July 29, 2010
When looking for new content for a speech on jargon to a tech industry group, my agency conducted research to see how all of the industry “leaders” were providing seamless, end-to-end, next generation, turnkey solutions to whatever niche they served.
Amazingly, the results mirror those from our first survey on the topic in 1999 and five subsequent tracking surveys.
Today, every other release posted on newswires comes from a “leader,” and most of them are selling solutions, rather than specific products or well-defined services. Are companies, their staffs and outside counsel simply practicing copy-cut-and-paste communications — where all releases and marketing materials in a niche sound alike?
Effective public relations builds substantial images and reputations for the long term, which requires clear differentiation, personality and style. It also requires telling stories that present a company, technology, products or service in compelling and exciting ways for multiple audiences.
Think about the great corporate spokespeople. Steve Jobs doesn’t talk about solutions. He creates stories about how new Apple products work and what he thinks users will see and enjoy. When launching the iPad, he didn’t waste time on superlatives. Instead, he connected potential users to the benefits — what the product could do today plus the vision of future applications.
Compare this storytelling approach to news releases and presentations about most new product introductions.
Whether it’s laziness, deadline pressure or mimicking their peers, most technology companies issue releases with no sharp edges. They are packed with words that most major media hate including: solutions, leading, seamless, cutting edge, best-of-breed, robust, end-to-end, first mover, customer-centric, mission critical, turnkey, world class, next generation and unique (unattainable).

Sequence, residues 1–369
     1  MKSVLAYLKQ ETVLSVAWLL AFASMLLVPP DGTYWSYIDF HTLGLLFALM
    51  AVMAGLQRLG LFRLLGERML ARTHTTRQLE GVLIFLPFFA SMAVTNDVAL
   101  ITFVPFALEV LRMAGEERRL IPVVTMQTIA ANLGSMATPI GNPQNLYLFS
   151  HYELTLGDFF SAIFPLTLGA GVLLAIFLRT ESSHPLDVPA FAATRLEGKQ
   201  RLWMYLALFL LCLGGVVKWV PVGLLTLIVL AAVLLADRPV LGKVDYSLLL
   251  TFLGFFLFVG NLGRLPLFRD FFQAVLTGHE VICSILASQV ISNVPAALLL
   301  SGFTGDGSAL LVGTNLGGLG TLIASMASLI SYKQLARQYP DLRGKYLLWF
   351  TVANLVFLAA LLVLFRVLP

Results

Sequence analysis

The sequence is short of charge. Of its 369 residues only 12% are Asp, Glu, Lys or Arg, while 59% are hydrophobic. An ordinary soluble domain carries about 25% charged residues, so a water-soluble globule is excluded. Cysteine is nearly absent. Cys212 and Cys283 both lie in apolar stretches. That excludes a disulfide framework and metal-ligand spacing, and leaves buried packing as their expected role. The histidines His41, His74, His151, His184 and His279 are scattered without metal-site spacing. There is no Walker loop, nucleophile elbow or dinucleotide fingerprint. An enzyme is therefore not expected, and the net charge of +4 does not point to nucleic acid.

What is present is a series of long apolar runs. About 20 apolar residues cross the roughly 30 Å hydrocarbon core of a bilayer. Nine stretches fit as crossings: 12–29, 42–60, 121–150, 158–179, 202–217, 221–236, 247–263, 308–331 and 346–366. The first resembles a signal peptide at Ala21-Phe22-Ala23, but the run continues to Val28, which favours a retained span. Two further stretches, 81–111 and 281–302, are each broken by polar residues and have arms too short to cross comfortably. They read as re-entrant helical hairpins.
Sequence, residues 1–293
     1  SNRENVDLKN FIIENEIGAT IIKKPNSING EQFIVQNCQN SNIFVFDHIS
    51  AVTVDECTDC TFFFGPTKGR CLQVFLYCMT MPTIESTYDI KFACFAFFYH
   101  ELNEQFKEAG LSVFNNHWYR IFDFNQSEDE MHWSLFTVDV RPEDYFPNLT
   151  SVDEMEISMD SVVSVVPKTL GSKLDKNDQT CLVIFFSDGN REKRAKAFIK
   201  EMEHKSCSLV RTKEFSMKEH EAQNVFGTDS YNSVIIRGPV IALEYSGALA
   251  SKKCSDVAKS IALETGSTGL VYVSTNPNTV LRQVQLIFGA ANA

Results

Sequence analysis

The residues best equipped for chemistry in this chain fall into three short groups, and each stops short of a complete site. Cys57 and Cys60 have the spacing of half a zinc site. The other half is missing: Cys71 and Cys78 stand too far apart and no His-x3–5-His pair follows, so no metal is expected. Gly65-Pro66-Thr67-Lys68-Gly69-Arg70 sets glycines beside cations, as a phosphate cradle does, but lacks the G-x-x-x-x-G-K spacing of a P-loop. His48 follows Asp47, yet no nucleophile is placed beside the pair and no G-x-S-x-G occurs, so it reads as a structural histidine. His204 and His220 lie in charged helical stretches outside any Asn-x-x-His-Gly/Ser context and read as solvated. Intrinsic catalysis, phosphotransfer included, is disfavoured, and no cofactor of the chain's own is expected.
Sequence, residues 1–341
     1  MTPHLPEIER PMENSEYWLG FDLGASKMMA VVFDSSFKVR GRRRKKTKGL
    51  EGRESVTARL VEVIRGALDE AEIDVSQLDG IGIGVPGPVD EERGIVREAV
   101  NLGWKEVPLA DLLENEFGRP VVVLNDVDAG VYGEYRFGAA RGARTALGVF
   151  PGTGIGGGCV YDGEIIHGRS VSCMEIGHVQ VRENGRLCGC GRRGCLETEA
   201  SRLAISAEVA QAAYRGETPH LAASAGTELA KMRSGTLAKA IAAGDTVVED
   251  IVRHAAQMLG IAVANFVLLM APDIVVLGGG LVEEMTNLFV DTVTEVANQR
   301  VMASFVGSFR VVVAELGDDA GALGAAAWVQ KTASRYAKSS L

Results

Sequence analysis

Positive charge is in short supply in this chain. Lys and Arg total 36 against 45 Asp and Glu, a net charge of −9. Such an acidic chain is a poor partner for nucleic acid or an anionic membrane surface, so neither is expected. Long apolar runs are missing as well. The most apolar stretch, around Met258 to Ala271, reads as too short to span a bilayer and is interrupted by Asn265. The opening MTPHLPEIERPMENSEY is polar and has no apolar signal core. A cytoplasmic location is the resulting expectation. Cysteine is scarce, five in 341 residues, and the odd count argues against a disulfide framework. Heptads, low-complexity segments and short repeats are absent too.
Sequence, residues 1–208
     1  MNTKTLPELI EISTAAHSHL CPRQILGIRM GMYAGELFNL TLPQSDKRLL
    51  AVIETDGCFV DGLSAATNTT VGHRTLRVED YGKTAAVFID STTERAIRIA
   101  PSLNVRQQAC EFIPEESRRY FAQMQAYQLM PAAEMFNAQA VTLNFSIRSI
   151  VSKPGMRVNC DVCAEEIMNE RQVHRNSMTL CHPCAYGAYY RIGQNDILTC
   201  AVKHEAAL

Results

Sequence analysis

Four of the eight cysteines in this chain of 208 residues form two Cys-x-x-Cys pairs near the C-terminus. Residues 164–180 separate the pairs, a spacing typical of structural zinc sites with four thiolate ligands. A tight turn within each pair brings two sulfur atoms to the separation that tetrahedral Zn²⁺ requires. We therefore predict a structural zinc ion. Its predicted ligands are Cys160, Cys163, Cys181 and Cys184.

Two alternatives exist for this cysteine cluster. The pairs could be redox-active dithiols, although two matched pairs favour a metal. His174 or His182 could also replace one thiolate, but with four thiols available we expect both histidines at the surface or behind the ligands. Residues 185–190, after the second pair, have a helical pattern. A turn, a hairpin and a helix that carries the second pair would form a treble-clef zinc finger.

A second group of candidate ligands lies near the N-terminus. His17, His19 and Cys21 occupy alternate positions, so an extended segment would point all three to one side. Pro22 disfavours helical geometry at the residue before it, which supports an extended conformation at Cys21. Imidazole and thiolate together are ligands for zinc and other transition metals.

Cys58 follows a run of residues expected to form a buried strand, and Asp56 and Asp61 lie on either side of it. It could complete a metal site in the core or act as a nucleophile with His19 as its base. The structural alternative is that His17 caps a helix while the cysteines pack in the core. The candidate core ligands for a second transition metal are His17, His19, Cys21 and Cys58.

Beyond the use of empty buzzwords, most releases offer no validation of their claims of leadership or what problem they will actually solve. A few true leaders did provide market share and revenue data for evidence. Here are quick samples of empty, throwaway claims or vague descriptions:
Is there a solution to this trend without end?
The creative challenge is breaking through the clutter with positioning that can be clearly validated over time with what engineers and scientists call proof of principle. Envision a series of fact-filled, compelling stories that add evidence over time regarding the superiority of your product, service or technology.
As a starting point, here are three tools to help CEOs and others step out of Jargon Land and move toward story-telling prowess:
After poring over the first drafts (writing short meaningful copy is difficult!), set each version aside for 24 hours.
Then read each one aloud to a trusted friend outside the organization. Did he or she laugh? Gag? Say “wow?” Edit one more time, test with outside audiences and fine tune.
When completed, these three compelling pieces can be the starting point for all other creative endeavors — and gain the respect of media, staff, customers and audiences everywhere in the process.